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Running backs’ NFL careers are getting shorter and their impact lessened

(AP Photo/Brandon Wade, File)

In his latest First and 10, Mark Maske touched on the importance of running backs in today’s NFL. There were two passages that struck me:

The takeaway from all of that is that, yes, the standout running backs still matter and they come with a very considerable price tag. But they generally don’t matter as much as those who throw and catch passes, and they don’t matter for all that long.
This past week showed that there are running backs who remain game-changing players in this league. But it also showed that the shelf life is comparatively brief for players at that position, even the great ones. They are subject to being pointed toward the door, or even shoved out of it, at practically any time in a way that happens less frequently and less abruptly to top quarterbacks and standout wide receivers.

Running backs have been phased out of the league for some time. It started as a subtle shift, but has now grown to a clear preference for passing the ball. For example, the last time the league saw teams with equal parts rushing and passing attempts was in 1983. And starting with 2008, the divide continues to grow.

As a result, quarterbacks are more integral to winning than either running backs or wide receivers. Below shows how much. Each position player is ranked according to his 2104 win probability added, which simply measures the impact of each play toward winning and losing. As you can see, the top five quarterbacks per this metric vastly outweigh their comparables at running backs and wide receiver and continue to do so for the top 15 at the position. It’s not even close.

Perhaps this explains the larger-than-expected number of teams interested in signing Brian Hoyer as their quarterback. It also explains why running backs have such a short shelf life, one that is getting shorter with each passing year. Below is the average tenure of running backs, quarterbacks and wide receivers in the year they were no longer active. The dotted lines are five-year moving averages to help smooth out the curves. As you can see, passers (and with them, receivers) are on the rise while rushers are on the decline. From 2010 to 2014, the average tenure of a running back no longer in the league was 5.2 years, compared with 7.2 for quarterbacks and 6.4 for receivers. That’s almost a year difference from the period encompassing 2001 to 2005.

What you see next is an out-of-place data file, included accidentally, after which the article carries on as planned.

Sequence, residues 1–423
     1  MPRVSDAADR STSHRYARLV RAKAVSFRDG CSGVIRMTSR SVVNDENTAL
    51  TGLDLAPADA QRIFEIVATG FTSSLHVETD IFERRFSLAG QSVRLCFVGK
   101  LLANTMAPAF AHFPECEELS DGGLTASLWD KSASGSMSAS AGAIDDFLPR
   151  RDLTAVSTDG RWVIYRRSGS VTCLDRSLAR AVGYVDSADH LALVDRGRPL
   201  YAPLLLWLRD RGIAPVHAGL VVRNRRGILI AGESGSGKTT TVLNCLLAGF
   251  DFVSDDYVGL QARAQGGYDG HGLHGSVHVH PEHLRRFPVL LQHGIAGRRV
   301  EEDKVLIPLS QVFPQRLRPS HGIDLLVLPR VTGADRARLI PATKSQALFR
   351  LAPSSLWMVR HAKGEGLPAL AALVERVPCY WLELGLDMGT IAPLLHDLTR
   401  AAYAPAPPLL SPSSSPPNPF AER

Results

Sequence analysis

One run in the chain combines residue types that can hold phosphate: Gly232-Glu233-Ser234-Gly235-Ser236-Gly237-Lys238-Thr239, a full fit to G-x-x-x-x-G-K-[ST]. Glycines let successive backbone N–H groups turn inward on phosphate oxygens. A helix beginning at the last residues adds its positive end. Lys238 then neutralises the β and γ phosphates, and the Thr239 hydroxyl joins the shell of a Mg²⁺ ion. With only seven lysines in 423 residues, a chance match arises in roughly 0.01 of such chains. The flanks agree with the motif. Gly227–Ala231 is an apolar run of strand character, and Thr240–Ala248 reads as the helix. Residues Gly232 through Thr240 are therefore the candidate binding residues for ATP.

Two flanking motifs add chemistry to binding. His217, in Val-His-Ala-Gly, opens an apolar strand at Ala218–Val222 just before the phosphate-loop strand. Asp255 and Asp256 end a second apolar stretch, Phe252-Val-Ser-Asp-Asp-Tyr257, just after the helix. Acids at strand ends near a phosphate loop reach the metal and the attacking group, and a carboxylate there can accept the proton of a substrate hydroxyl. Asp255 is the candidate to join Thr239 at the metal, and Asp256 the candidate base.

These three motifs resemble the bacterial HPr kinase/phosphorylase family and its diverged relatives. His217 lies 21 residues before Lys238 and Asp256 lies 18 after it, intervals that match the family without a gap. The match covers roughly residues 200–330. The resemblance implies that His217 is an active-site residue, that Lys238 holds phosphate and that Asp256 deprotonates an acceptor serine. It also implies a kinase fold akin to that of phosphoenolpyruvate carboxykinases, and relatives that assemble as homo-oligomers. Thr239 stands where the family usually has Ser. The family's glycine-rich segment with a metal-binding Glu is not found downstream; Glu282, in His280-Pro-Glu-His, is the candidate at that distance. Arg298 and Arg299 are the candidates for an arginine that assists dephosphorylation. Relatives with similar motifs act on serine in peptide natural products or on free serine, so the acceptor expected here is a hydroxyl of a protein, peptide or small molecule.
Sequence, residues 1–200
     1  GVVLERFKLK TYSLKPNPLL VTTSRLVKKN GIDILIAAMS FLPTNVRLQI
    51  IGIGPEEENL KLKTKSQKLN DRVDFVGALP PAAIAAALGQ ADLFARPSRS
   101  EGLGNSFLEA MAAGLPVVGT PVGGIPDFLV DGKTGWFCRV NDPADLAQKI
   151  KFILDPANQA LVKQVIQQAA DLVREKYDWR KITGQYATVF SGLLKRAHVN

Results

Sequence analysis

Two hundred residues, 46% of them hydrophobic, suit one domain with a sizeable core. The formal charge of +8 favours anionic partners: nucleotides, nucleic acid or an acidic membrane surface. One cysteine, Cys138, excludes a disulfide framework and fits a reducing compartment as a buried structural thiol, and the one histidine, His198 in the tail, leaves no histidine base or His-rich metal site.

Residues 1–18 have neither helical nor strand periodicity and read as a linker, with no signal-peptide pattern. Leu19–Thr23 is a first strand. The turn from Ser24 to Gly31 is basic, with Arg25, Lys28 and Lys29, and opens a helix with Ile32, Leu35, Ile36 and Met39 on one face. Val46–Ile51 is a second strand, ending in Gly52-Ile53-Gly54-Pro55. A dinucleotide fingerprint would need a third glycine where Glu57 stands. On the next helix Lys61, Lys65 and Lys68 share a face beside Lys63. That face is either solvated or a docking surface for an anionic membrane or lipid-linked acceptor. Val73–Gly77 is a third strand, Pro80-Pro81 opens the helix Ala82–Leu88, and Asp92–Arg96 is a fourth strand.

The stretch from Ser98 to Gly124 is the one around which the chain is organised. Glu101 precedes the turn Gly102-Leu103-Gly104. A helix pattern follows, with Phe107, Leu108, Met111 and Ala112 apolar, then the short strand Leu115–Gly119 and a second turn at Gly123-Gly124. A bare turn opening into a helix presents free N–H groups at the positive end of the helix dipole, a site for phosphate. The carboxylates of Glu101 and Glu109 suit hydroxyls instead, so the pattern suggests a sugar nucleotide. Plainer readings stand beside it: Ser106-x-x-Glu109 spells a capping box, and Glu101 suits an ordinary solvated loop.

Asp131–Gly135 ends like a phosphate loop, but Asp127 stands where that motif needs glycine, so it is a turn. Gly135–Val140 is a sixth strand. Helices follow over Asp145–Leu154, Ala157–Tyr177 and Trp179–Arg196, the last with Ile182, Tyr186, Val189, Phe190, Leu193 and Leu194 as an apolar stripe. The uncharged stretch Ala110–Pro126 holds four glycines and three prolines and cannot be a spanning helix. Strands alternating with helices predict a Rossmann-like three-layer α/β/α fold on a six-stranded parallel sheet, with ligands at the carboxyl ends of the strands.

Running backs that averaged over 10 AV per 16 games and ended their career between 2010 and 2014 played 9.5 seasons, on average. That same class of rushers who stopped playing between 1995 and 1999 played an average of 13 seasons.

But this isn’t happening “less frequently and less abruptly to top quarterbacks and standout wide receivers.” In fact, quarterbacks who average more than 10 AV per 16 games over their career have a life span close to rushers of the same caliber. But wide receivers of this ilk have seen their time on the field increase over the past five years.

In other words, game-changing receivers are in the league two more years than they were in the previous five-year period and three years more than star passers and rushers.

This is part of the reason why it is risky to sign a star running back like LeSean McCoy but sound strategy by the Packers for locking up receiver Randall Cobb.

At some point running backs will actually become undervalued and a team will use Moneyball-esque strategies to gain a significant edge on their competition. But for now, don’t run out and buy a jersey if your team signs that prized free agent running back.